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MIST hung gray along the river, and upon the fields. From the
cottage, little and lonely, shone candlelight, that looked sad to the
wanderer without in the autumnal dark: he turned and faced the
fields, and the dim river. And the music, the triumphing music, the
rich voices of the violin, came sounding down the garden from the
cottage. His mood, his mind, were those of the Flemish poet, who
murmurs in sighing verse:

Et je suis dans la nuit. . . . Oh! c’est si bon la nuit!
Ne rien faire . . . se taire . . . et bercer son ennui,
Au rhythme agonisant de lointaine musique. . . .

    For this was the last evening of his life: he felt sure of that: and,
foolish martyr to his own weakness that he was, he fell to meditating
upon the sad scenery and circumstance of his death. The gray mist
upon river and field, the acrid odours of autumn flowers in the garden,
the solitariness of melancholy twilight, these were right and fitting: but
there, in the cottage behind him, was his best friend, speaking with
him through music, giving him his Ave atque Vale upon the violin. A
choice incident! And instinctively he began to find phrases for it,
plangent, mournful, suitable to the elegiac sonnet. True, his friend was
not all that he could have wished: an excellent musician of common
sense, well dressed and healthy, with nothing of Chopin about him,
nothing of Paganini. But the sonnet need not mention the musician,
only his music. So he looked at the dim river and the misty fields,
and thought of long, alliterative, melancholy words. Immemorial,
irrevocable, visionary, marmoreal. . . .

    The Lyceum was responsible for this. That classic journal, reviewing
his last book of verses, had told him that though he should vivisect
his soul in public for evermore, he would find there nothing worth
revealing, and nothing to compensate the spectators for their painful and
pitying emotions. He had thought it a clumsy sarcasm, ponderous no
less than rude: but he could not deny its truth. Tenderly opening his
book, he lighted upon these lines:

Ah, day by swift malignant day,
Life vanishes in vanity:
Whilst I, life’s phantom victim, play
The music of my misery.
Draw near, ah dear delaying Death!
Draw near, and silence my sad breath.


The lines touched him; yet he could not think them a valuable utter-
ance: nor did he discover much fine gold in his sonnet, which began:

Along each melancholy London street,
Beneath the heartless stars, the indifferent moon,
I walk with sorrow, and I know that soon
Despair and I will walk with friendly feet.

    It was good, but Shakespeare and Keats, little as he could comprehend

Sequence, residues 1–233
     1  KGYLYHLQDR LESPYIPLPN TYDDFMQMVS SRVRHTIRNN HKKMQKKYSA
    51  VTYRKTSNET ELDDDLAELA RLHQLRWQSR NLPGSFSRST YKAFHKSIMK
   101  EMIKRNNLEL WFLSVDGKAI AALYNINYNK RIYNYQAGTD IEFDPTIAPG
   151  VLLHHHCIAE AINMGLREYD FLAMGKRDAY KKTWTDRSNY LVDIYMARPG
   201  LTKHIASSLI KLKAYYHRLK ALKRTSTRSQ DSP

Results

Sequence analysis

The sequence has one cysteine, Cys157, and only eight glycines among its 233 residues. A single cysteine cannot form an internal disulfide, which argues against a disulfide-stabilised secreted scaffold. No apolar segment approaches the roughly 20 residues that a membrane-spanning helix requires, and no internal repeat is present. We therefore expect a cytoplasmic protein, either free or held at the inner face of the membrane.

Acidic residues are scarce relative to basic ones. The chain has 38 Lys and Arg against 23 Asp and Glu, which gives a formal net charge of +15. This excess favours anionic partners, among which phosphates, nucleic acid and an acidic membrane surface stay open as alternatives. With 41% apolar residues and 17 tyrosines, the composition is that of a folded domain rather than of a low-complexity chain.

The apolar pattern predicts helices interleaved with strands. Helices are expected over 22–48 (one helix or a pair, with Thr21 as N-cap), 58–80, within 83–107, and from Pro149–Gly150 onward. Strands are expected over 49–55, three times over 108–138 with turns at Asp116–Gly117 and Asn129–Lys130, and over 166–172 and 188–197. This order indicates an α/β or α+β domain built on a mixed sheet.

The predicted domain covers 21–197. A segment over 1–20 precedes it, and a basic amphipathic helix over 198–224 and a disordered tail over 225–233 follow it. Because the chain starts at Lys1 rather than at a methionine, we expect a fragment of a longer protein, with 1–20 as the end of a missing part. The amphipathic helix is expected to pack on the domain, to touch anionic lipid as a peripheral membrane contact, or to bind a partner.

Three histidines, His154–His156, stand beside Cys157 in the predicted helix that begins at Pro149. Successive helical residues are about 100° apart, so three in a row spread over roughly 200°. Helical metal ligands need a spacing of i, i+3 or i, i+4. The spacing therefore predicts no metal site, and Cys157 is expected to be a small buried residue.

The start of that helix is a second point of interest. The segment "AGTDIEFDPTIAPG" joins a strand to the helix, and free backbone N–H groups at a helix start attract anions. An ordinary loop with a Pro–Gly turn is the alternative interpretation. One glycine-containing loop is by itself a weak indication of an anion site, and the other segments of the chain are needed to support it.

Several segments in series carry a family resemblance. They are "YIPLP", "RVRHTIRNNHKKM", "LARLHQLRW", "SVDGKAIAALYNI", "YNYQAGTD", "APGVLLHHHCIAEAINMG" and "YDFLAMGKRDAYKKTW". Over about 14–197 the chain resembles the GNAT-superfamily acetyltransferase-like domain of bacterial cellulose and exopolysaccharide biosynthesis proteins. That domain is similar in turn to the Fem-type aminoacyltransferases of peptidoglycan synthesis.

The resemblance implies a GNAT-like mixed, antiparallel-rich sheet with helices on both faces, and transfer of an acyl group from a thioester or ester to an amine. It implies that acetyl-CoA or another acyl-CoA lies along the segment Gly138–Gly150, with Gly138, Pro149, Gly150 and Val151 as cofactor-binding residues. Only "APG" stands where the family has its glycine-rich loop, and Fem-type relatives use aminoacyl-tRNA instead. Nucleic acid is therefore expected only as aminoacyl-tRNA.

why, had done better. He sat in his Temple chambers, nursing these
dreary cogitations, for many hours of an October day, until the musician
came to interrupt him: and to the violinist the versifier confessed.

    ‘I am just thirty,’ he began, ‘and quite useless. I have a good
education, and a little money. I must do something: and poetry is
what I want to do. I have published three volumes, and they are
entirely futile. They are not even bad enough to be interesting. I have
not written one verse that any one can remember. I have tried a great
many styles, and I cannot write anything really good and fine in any one
of them.’ He turned over the leaves with a hasty and irritated hand.
‘There, for instance!’ This is an attempt at the sensuous love-lyric:

Sometimes, in very joy of shame,
Our flesh becomes one living flame:
And she and I
Are no more separate, but the same.

Ardour and agony unite;
Desire, delirium, delight:
And I and she
Faint in the fierce and fevered night.

Her body music is: and ah,
The accords of lute and viola,
When she and I
Play on live limbs love’s opera!

    It’s a lie, of course: but even if it were true, could any one care to
read it? Then why should I want to write it? And why can’t I
write better? I know what imagination is, and poetry, and all the rest
of it. I go on contemplating my own emotions, or inventing them, an
nothing comes of it but this. And yet I’m not a perfect fool. That,
said the musician, ‘is true, though it is not your fault: but you soon


will be, if you go on maundering like this by yourself. Come down to
my cottage by the river, and invent a new profession.’ And they went.

    But the country is dangerous to persons of weak mind, who examine
much the state of their emotions; they indulge there in delicious
luxuries of introspection. The unhappy poet brooded upon his futility,
with occasional desperate efforts to write something like the Ode to Duty
or the Scholar Gypsy: dust and ashes! dust and ashes! Suddenly the
horror of a long life spent in following the will-o’-the-wisp, or in questing
for Sangrails and Eldorados, fell upon him: he refused to become an
elderly mooncalf. The river haunted him with its facilities for death,
and he regretted that there were no water-lilies on it: still, it was cold
and swift and deep, overhung by alders, and edged by whispering reeds.
Why not? He was of no use: if he went out to the colonies, or upon
the stock exchange, he would continue to write quantities of average
and uninteresting verse. It was his destiny: and the word pleased him.
There was a certain distinction in having a destiny, and in defeating it